Athens (Greece), city in southeastern Greece, capital and largest city of the country. Athens dominates the economic, cultural, and political life of modern Greece.
Athens is a sprawling city located on the Attic Plain of southeastern Greece. Mountains rise in a semicircle around the city. They include the peaks of Parnitha (Párnis), Pendéli, and Hymettos (Imittós). At least one of these peaks can be seen from nearly every street in Athens. Located about 8 km (about 5 mi) southwest of Athens is Piraeus (Pireás), Greece’s largest seaport. Piraeus overlooks the Gulf of Saronikós (Saronic Gulf), an arm of the Aegean Sea. Two rivers, the Kifisós in the west and the Ilisós in the east, flow through the city.
Athens is often called the cradle of Western civilization for its momentous cultural achievements during the 5th and 4th centuries bc. The city still holds a wealth of ancient buildings, monuments, and artworks from the classical age of Ancient Greece, as well as museums devoted to Greek art, culture, and history. Many of the cultural highlights of Athens were renovated in preparation for the 2004 Summer Olympic Games.
The greater Athens metropolitan area had an estimated population of about 3.2 million in 2003, nearly one-third of the total population of Greece. Athens expanded rapidly during the 20th century and today covers nearly the entire Attic Plain. In addition to ethnic Greeks, the Athens region is home to many thousands of immigrants.
The city's high population density has contributed to urban problems such as traffic congestion, air pollution, and overcrowding. Religious affiliation in Athens is overwhelmingly Greek Orthodox Christian (see Orthodox Church). There are also small numbers of Roman Catholics, Protestants, and Jews. About 100,000 Muslims live in the Athens area, mostly immigrants from Albania and the Balkan Peninsula, with others from countries in the Middle East, Asia, and Africa.
A large portion of industrial activity in Greece is concentrated in and around Athens. Manufactures include textiles, cement, alcoholic beverages, soap, flour, chemicals, paper products, leather, and pottery. Other industries include machinery and transportation equipment, and printing and publishing. The city’s port at Piraeus is the country's most important shipping and transportation center. More than two-thirds of the current workforce in Athens is employed in services, including government administration, banking, education, health care, and transportation.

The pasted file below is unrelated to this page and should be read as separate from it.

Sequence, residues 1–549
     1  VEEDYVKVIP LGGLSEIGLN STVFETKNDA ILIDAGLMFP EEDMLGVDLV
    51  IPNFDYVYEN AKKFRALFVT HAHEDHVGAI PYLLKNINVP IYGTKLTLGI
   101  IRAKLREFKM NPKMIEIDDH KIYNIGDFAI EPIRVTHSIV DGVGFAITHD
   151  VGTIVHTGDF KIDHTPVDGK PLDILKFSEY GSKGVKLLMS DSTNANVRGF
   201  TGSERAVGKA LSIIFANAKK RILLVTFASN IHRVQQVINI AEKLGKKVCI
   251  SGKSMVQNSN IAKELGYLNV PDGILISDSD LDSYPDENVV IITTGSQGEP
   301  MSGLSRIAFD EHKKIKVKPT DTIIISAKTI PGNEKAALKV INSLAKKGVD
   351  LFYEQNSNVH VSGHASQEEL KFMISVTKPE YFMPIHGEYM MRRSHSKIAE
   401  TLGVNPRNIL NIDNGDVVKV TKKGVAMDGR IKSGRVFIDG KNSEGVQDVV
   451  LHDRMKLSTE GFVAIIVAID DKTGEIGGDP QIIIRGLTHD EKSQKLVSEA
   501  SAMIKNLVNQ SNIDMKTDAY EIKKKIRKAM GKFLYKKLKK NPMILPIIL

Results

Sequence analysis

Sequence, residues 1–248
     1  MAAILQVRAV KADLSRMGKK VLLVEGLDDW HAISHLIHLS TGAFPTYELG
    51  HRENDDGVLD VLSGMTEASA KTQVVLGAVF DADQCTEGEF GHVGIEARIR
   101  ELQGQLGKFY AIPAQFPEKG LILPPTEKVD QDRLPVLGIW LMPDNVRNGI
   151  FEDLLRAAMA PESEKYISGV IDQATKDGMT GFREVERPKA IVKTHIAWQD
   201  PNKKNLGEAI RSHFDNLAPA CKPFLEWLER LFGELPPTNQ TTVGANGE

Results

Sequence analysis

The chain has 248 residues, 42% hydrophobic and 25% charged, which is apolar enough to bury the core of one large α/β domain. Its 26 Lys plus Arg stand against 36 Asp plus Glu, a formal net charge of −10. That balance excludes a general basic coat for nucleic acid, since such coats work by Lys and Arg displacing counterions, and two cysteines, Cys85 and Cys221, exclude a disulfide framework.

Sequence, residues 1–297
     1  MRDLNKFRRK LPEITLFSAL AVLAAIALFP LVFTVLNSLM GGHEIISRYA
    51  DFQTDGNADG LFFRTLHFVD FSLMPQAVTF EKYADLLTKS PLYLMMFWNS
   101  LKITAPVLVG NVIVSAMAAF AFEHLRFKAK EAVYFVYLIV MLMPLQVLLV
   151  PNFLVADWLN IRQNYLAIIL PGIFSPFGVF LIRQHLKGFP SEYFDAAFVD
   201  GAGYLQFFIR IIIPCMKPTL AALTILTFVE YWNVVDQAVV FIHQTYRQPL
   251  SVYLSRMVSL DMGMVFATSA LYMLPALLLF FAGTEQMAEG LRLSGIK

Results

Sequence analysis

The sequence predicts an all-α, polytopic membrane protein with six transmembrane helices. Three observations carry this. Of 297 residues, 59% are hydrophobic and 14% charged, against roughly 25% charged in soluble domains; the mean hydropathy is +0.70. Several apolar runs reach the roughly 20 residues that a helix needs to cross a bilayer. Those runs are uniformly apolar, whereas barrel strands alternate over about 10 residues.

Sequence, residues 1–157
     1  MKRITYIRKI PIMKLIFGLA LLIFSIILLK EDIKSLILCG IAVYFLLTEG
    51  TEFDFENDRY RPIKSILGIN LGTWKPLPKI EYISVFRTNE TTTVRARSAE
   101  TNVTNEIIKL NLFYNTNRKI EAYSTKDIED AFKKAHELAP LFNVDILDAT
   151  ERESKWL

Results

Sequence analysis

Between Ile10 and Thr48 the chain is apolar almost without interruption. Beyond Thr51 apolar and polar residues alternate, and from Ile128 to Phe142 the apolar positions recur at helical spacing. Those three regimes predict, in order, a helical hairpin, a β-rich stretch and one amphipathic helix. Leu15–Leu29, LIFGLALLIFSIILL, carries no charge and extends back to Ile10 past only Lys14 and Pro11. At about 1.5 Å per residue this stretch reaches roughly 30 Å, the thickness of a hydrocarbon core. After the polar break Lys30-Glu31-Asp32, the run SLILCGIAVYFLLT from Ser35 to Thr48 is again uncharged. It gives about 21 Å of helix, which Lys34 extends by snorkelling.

Recent construction related to the 2004 Olympics, including modernization of the city’s transportation system, has provided a significant economic boost to Athens. Tourism is of major importance to the city’s economy. The 2004 Olympic Games, and their legacy of improvements to the infrastructure, museums, and monuments of Athens were expected to further develop the city’s tourism industry. Athens serves as the hub of Greece’s national transportation network. The Greek railway system is centered in Athens, and ferries sail to the rest of the country from the port at Piraeus. The urban area itself in Athens is served by taxis and public buses that must contend with heavily congested traffic.
The major part of the city’s metro subway, Attiko Metro (Athens Metro), was completed in 2000 and serves the heart of Athens; extensions to residential districts are planned over the next few years. A tram system under construction was expected to begin service in 2004. Light rail will also provide a link to Eleftherios Venizelos International Airport at nearby Spáta. The airport, completed in 2001, replaced Ellinikon International Airport. Economic development aid provided by the European Union (EU) has been a crucial source of funding for the city’s ongoing transportation projects. They include the construction of avenues circling Athens to help relieve traffic congestion in the city center. However, improvements to the transportation system in and around Athens often proceed slowly due to archaeological discoveries made during excavations and construction. "Greece" © Emmanuel BUCHOT, Encarta, Wikipedia
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